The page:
Scuttlebutt article: http://www.sailingscuttlebutt.com/2...ge IPC Decision on Paralympic Games Programme

    ISAF to challenge IPC Decision on Paralympic Games Programme


    When the International Paralympic Committee (IPC) announced on January 31 that sailing would not be included as a sport for the 2020 Paralympic Games, by all accounts the news was not anticipated.

    The International Association for Disabled Sailing (IFDS) was solely and independently responsible for coordinating the Paralympic sailing competition with the IPC, but in November 2014, the IFDS merged with the International Sailing Federation (ISAF), and now operates within the ISAF committee structure as the Disabled Sailing Committee.

    However, the bulk of work in submitting sailing as a sport for the 2020 Games occurred before the merger, and it appears now that the IFDS failed to mention to ISAF that their submission for the 2020 Games was not going so well.

    The Paralympic Games is the ultimate pinnacle for disabled sailors with many varied disabilities competing on equal terms. However, the IPC has requirements for sports to be included, and it is these requirements that either weren’t met, or weren’t being adequately presented.

    Caught flat footed, ISAF is now actively making every effort to understand the decision of the IPC and work towards reinstating sailing as a sport in the Paralympic Games.

    To assist in this effort, ISAF is asking sailors across the world to unite on behalf of all disabled sailors and submit letters of support. These letters will be sent to the IPC along with a complete package of information about Paralympic sailing. Send letters to disabled@isaf.com

    On hearing the decision of the IPC, three time Paralympian (2.4mR) and gold medallist at ISAF Sailing World Cup Miami, Bjornar Erikstad commented, “For the Paralympic Games, sailing should be there. In sailing you can be young, old, female, male and be on an equal playing field. It’s about understanding the environment and what’s around you that makes it unique. It has physical challenges and you have to be physically and mentally prepared.”

    In 2008, American sailor Nick Scandone was battling ALS (commonly known as Lou Gerig’s Disease). Before being diagnosed, Scandone was a top 470 sailor and made the switch to Paralympic sailing. In the lead up to the 2008 Paralympic Games his condition deteriorated but his quest to sail kept him pushing hard. With crew Maureen McKinnon-Tucker, Scandone went on to win the Gold Medal, an extraordinary accomplishment. Sadly Scandone passed away a few months later. His heroic feat drew huge attention to people with the disease.

    On the recently launched Facebook page Reinstate Paralympic Sailing into 2020 Games, a preliminary scorecard IPC used to evaluate the sport of sailing was posted, which notes the shortcomings of the submission by the IFDS. This apparently was not, however, the final scorecard used to eliminate sailing from the 2020 Paralympic Games.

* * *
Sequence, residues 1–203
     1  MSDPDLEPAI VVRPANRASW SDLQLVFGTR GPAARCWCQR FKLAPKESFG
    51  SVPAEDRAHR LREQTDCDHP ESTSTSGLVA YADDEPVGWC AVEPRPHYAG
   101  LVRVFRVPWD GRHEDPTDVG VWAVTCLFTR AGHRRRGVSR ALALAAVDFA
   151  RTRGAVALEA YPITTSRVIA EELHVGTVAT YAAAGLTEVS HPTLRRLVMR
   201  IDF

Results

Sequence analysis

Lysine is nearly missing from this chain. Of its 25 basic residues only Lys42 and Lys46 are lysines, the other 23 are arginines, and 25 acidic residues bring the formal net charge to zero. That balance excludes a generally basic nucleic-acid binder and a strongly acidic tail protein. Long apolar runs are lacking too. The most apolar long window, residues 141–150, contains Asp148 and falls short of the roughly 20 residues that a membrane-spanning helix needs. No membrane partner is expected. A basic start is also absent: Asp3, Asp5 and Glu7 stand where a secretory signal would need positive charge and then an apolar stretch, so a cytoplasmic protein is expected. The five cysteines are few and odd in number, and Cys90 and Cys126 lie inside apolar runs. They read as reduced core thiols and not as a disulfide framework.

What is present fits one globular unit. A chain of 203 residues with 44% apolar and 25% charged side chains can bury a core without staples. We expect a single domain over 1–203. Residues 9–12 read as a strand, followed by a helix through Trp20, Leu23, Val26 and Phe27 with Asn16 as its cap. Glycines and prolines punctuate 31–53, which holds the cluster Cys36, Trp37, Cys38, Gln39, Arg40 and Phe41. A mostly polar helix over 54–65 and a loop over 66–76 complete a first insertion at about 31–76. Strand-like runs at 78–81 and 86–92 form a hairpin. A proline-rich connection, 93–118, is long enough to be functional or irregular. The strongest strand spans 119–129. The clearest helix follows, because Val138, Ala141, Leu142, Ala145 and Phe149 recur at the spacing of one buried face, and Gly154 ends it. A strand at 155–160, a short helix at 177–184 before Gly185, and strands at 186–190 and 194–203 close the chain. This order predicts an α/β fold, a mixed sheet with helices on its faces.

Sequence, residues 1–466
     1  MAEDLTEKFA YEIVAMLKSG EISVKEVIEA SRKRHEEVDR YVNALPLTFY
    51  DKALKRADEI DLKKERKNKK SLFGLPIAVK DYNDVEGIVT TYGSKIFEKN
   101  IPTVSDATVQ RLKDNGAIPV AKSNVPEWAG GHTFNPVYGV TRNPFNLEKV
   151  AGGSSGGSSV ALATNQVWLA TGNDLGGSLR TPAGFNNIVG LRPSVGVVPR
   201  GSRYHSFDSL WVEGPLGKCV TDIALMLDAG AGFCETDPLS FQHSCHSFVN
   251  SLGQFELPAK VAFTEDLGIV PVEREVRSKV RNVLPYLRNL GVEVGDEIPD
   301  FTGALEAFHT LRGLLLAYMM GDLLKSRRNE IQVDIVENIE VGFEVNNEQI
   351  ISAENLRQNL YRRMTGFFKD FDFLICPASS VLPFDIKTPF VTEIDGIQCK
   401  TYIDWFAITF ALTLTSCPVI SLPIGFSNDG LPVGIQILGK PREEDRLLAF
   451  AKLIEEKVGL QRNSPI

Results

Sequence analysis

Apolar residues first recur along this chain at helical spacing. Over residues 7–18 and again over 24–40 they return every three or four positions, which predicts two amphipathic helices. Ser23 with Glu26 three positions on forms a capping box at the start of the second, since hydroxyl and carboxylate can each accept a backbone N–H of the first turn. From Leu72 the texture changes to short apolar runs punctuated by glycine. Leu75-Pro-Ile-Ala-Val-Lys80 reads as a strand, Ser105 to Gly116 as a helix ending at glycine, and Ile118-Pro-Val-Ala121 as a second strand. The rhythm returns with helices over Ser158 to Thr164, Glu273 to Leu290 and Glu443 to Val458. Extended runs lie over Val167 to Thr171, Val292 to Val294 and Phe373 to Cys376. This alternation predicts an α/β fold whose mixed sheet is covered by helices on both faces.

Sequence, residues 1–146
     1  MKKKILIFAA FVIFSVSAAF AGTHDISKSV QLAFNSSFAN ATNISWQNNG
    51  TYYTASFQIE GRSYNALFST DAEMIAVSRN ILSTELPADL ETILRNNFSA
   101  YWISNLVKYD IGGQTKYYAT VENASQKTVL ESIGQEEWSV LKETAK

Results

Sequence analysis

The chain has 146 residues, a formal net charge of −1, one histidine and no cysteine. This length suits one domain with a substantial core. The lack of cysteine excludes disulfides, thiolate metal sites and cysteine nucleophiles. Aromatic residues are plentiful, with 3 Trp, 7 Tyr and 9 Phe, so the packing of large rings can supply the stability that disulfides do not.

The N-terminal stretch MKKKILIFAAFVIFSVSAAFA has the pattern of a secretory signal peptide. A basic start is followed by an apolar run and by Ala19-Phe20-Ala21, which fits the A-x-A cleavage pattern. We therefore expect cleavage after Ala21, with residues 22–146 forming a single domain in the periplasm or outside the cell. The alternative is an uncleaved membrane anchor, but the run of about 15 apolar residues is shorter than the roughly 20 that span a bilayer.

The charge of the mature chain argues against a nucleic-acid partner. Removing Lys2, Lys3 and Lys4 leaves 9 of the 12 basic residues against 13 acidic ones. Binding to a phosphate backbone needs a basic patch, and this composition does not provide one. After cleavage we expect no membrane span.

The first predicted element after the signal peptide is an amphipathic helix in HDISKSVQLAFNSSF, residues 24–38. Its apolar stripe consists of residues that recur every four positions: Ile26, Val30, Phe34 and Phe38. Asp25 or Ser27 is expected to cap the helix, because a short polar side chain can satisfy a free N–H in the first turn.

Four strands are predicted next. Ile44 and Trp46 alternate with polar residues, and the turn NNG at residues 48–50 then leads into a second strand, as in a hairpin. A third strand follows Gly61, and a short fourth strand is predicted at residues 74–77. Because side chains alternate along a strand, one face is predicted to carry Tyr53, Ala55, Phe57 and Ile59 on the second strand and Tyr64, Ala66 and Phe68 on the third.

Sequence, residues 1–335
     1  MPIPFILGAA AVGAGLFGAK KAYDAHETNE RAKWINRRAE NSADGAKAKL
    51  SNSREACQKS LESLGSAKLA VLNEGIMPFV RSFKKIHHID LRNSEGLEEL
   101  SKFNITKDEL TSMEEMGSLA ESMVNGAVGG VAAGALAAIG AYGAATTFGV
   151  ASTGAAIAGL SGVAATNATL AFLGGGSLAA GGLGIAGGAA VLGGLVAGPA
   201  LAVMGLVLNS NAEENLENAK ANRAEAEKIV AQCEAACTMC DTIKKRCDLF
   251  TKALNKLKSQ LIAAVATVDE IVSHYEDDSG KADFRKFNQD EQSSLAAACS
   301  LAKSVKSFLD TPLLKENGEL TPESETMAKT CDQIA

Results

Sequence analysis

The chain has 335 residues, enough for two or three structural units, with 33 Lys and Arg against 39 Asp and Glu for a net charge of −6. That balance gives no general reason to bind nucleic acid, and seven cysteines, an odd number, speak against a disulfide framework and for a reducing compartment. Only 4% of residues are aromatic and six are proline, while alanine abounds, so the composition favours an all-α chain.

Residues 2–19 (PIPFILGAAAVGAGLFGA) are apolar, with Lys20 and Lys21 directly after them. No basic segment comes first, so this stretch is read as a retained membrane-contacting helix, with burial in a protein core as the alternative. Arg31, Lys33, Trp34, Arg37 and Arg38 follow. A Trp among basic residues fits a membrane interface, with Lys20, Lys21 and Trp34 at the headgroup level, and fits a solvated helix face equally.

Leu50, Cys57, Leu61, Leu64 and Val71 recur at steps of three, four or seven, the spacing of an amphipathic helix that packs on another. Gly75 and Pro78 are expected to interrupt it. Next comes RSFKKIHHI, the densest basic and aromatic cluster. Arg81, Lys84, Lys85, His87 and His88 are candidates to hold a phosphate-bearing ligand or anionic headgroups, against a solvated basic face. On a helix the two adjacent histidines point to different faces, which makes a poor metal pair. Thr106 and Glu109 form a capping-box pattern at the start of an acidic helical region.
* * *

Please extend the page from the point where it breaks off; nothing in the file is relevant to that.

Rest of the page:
-
     
  14. CT249
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    CT249 Senior Member

    Sorry, PAR, but in fact there is abundant evidence that people DON'T have a major tendency to watch faster sports. The IOC have published detailed viewership figures for Olympic games which show that slow, unspectacular sports like swimming (2nd highest rating sport), flatwater rowing, road cycling, flatwater canoeing etc outrate many or all of the "crash and burn" sports. The same applies in the Winter Olympics.

    Similarly, the major spectator days at the world's #1 annual sporting event (the Tour de France) are the mountaintop finishes, which are the ones with the slowest top speeds and little crashing.
     

  15. WhiteDwarf
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    WhiteDwarf White Dwarf

    Should any form of sailing be in the Olympics?

    At risk of being contentious...

    In Australia, we did very well in the 2012 Olympics and predictably, our club's sailing school was in overdrive for one year, but only one year. The parents who enrolled their offspring expected their children to achieve mastery in a few paltry weeks and were off to their next sport the following year. I have heard similar reports from other clubs. Extra effort to accommodate the rush and disappointment when it fell away.

    One year ago, I retired from the role of financial controller of the "Sporting Shooters Association of Australia" after almost 15 years. In that time, our membership grew from 90,000 to 165,000 in a legislatively hostile environment. At the same time, the membership of Yachting Australia plodded along at about 60,000. The strategy at YA appears to be the promotion of Olympic and elite sailing, to the near exclusion of all other aspects of the sport. At SSAA we reached out to the urban communities, we provided value for money only a tiny proportion of members subs went into elite competition. Finally, we presented shooting as an identity which participants inhabit lifelong.

    Neither shooting, nor sailing can compete for the interest of those who want to play big dollar TV sports (a lie for most of course, but peddled as expertly as heroin). But an identity build around the broad knowledge and competence expected of a sailor or shooter is very achievable and profoundly rewarding.

    Where, in the TV sports, kids are being cut from elite squads and; in their disappointment told, as in one case I know, to "do the sausages for the juniors," we as sailors can offer a lifetime of fulfilment. It is from that perspective that I suggest that the Olympics may be a toxic distraction from growing our sport.